The head of the Pakistani Taliban has removed his deputy commander, the militant group confirmed to the BBC, in a sign of a growing power struggle.
Hakimullah Mehsud demoted Maulvi Faqir Mohammad, who was the second-highest ranking Taliban leader, at a Taliban council of leaders on Sunday.
No reason was given but correspondents say the move is the latest sign of a rift within the group.
Maulvi Faqir Mohammad has not yet been replaced by another militant commander.
A Taliban spokesman told BBC Urdu that he had been removed with immediate effect but that the Taliban leadership was considering appointing him to some other position within the group.
The BBC's M Ilyas Khan in Islamabad says the decision is the latest sign of a growing rift within the Pakistani Taliban - known as Tehrik-e-Taliban Pakistan (TTP) - that began when its former leader, Baitullah Mehsud, was killed in August 2009.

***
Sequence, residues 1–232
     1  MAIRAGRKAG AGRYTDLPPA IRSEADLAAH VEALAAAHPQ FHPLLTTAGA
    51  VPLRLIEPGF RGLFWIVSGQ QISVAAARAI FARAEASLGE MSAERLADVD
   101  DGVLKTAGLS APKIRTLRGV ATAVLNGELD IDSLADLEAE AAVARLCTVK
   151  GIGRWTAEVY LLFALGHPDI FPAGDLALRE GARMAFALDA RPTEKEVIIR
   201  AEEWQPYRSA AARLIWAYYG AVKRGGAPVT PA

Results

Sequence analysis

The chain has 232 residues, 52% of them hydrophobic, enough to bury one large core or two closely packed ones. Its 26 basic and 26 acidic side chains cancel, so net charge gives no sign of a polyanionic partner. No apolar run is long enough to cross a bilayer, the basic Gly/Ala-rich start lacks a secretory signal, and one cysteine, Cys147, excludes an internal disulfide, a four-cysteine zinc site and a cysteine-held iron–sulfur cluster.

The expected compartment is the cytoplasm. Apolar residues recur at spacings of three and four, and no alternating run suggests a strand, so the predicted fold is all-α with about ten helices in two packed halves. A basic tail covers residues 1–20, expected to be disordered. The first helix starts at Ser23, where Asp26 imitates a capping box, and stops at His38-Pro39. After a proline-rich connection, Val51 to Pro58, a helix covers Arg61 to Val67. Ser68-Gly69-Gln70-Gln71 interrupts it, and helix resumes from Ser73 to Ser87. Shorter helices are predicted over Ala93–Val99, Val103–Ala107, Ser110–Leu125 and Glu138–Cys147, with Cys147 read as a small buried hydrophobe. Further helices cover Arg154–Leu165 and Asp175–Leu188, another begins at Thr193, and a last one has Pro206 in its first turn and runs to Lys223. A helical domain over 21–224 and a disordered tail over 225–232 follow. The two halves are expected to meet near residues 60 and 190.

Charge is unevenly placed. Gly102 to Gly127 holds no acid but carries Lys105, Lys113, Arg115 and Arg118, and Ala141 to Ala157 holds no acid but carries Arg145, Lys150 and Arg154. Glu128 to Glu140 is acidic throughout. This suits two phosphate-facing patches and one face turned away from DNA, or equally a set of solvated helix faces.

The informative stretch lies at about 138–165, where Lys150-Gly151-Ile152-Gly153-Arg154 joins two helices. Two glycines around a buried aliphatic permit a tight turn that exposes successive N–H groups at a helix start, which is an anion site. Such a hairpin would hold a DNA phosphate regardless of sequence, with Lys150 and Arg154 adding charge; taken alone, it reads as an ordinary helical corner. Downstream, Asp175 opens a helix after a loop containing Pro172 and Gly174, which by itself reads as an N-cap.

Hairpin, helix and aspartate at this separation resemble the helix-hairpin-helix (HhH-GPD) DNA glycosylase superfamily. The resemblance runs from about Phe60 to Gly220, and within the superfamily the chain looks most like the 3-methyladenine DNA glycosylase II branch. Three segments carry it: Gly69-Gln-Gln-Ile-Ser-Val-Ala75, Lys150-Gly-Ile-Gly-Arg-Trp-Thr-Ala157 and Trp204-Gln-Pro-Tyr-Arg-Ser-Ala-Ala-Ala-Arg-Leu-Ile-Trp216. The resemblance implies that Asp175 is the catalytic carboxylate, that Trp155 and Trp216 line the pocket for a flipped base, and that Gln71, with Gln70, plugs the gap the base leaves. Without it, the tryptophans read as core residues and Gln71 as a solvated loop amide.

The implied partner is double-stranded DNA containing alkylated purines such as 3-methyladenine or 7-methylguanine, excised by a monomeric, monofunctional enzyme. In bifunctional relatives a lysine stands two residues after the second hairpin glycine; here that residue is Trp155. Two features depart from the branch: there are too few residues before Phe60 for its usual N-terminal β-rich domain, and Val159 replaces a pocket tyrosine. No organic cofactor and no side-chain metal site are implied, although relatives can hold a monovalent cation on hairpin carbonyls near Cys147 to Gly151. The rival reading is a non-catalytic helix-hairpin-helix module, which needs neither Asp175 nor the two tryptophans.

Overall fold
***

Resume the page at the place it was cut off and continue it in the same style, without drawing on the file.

At that time, Maulvi Faqir Mohammad was one of the contenders for the top post, but had to settle for the position of deputy head because the TTP wanted to keep its leadership within the Waziristan tribal area, their major stronghold.
Since then, he has had an uneasy relationship with the central command of the TTP, our correspondent says.
And last year some elements of the TTP accused him of having contacts with the Pakistani government, which he denied. He has previously admitted to the BBC that he had "minor" differences with Taliban leadership.
Maulvi Faqir Mohammad led the Taliban in the Bajaur district, in the extreme north of the tribal areas and at some distance from Waziristan.
The volatile Bajaur region is believed to have been home to al-Qaeda leaders such as Ayman al-Zawahiri, and militants loyal to the non-Taliban commander Gulbuddin Hekmatyar, our correspondent adds.